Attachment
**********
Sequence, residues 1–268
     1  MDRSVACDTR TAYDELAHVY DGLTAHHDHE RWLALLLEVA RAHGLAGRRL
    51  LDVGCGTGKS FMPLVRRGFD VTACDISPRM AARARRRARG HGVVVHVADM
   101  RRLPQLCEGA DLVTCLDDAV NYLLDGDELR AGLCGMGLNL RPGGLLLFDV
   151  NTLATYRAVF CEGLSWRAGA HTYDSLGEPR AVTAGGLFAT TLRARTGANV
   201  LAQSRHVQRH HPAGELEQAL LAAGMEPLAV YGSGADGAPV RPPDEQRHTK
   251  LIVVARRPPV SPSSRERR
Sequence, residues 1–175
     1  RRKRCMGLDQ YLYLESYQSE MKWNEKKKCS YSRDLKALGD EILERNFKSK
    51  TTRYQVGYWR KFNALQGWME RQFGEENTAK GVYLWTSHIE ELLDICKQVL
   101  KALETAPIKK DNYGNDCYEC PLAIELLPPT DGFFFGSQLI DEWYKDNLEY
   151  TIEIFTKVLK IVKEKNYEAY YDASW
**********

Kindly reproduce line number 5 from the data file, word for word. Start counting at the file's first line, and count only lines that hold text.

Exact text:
   151  NTLATYRAVF CEGLSWRAGA HTYDSLGEPR AVTAGGLFAT TLRARTGANV